Incidental Second Language Vocabulary Learning from Reading Novels: A Comparison of Three Mobile Modes

Incidental Second Language Vocabulary Learning from Reading Novels: A Comparison of Three Mobile Modes

Tony Fisher (School of Education, University of Nottingham, Nottingham, UK), Mike Sharples (Institute of Education Technology, Open University, Milton Keynes, UK), Richard Pemberton (School of Education University of Nottingham, Nottingham, UK), Hiroaki Ogata (Department of Information Science and Intelligent Systems, University of Tokushima, Tokushima, Japan), Noriko Uosaki (University of Tokushima, Tokushima, Japan), Phil Edmonds (Sharp Labs Europe, Oxford, UK), Anthony Hull (Sharp Labs Europe, Oxford, UK) and Patrick Tschorn (Sharp Labs Europe, Oxford, UK)
Copyright: © 2012 |Pages: 15
DOI: 10.4018/jmbl.2012100104
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Abstract

This paper reports on a study in which incidental English vocabulary learning from three mobile modes (book, e-book and e-book with user modelling and adaptive vocabulary learning support) was investigated. The study employed a crossover design to test for vocabulary gain from reading three simplified English novels among a group of Japanese high school students, learning English as a second language. Small vocabulary gains were noted; however there was no significant difference between the modes in this respect. Participants also gave their reactions to using the three modes. The authors reflect on some possible reasons for the results, and identify some methodological considerations.
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Introduction

The acquisition of vocabulary is an essential aspect of learning a language. Research conducted in America (Anderson et al., 1988) found that the median 5th-grade primary school student read approximately 600,000 words of running text in out-of-class reading per year (with exposure ranging from 0 to four million words); based on this finding it is estimated that including in-class reading, on average school students in English-speaking countries read approximately one million words of text per year (Nagy & Anderson, 1984; Nagy et al., 1985; Nagy, 1997). However, learners of English in non-English-speaking countries generally encounter English only as a subject of study and are therefore not exposed to anything like the amount of English text as their counterparts in English-medium education. Given the importance of vocabulary knowledge for language learning, a major issue for learners of English as a foreign language (EFL) is how to increase vocabulary size to a point at which they can read English texts fluently and extensively.

There are two approaches to vocabulary acquisition in EFL learning: direct instruction with memorisation, and incidental learning. Direct instruction is generally recommended in the second language vocabulary acquisition literature for learning the most common words of English that occur frequently across a wide range of texts, whereas incidental learning is recommended to build up a vocabulary that goes beyond the 2,000 or 3,000 most common words of English (e.g., Nation, 2001). This however brings us to the problem of time. If English is taught for only a few hours per week, and if much of this time is spent on listening to the teacher, doing written exercises, or engaging in group work, then how can students progress beyond a basic level of reading vocabulary? Teachers typically encourage their students to access English materials out of class in web or paper form, but the vast majority of EFL school students find authentic written text too difficult to handle. Simplified and graded English novels in book form offer learners a chance to read widely at a level that suits them but may not be convenient for the mobile generation, and typically do not provide glossaries to explain unknown vocabulary.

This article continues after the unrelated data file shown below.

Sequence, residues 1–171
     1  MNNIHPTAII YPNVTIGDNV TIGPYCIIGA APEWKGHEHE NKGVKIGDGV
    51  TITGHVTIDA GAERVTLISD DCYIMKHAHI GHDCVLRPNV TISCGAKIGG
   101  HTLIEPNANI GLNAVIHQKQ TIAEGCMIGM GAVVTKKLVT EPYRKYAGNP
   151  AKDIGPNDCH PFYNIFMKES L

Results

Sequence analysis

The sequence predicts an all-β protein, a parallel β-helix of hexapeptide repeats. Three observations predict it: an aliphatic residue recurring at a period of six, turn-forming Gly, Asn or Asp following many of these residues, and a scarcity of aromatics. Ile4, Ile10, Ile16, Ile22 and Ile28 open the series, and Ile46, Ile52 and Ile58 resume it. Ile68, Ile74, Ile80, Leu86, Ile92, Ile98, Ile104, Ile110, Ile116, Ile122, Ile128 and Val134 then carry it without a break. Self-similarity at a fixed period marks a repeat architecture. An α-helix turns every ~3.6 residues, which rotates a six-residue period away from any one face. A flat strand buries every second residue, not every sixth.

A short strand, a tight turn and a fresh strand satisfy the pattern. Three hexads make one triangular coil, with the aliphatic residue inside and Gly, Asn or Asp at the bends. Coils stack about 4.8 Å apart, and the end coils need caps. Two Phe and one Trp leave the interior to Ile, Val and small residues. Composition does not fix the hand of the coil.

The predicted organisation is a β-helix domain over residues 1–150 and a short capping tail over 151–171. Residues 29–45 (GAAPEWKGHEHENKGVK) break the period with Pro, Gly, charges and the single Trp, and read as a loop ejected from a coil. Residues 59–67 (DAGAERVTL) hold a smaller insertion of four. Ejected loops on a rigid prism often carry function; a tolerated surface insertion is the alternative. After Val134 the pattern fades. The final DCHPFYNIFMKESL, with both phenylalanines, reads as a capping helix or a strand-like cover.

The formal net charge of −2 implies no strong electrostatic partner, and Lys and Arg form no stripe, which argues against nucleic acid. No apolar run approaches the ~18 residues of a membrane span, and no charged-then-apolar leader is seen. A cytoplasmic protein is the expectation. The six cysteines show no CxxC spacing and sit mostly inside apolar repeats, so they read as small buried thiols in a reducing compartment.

Here we report an investigation into the effectiveness of incidental vocabulary learning among Japanese high school students. The study employed simplified novels in three different modes:

  • A paper book;

  • A mobile phone e-book incorporating an online dictionary;

  • A mobile phone e-book with enhanced software providing adaptive vocabulary learning support – the English Language Mobile (ELMO) system.

The central research question was, ‘Is the mobile mode in which a novel is read associated with differential ‘incidental’ English vocabulary learning among a group of Japanese school students?’ This paper focuses particularly on some of the methodological issues encountered in setting up and running such a study.

Researching Language Learning And Mobile Devices

This study draws on two distinct strands of research, one being incidental second language vocabulary acquisition, and the other being language learning with mobile technologies.

In the learning of any language, the progressive learning of vocabulary plays an essential part. In the past, learning second/foreign language vocabulary lists by rote was often a favored approach (intentional learning). This has, to varying extents, been supplanted by more communicative and meaning-focused approaches, according to which vocabulary is acquired while the learner is focused on communicative tasks (incidental learning). Two key proponents of incidental learning have been, in the field of second language acquisition: Krashen, who argued that vocabulary is acquired through extensive reading (e.g., Krashen, 1989); and in the field of first language acquisition, Nagy and associates, who argued that students learn far more words incidentally through reading than is possible through direct instruction (e.g., Nagy et al., 1987).

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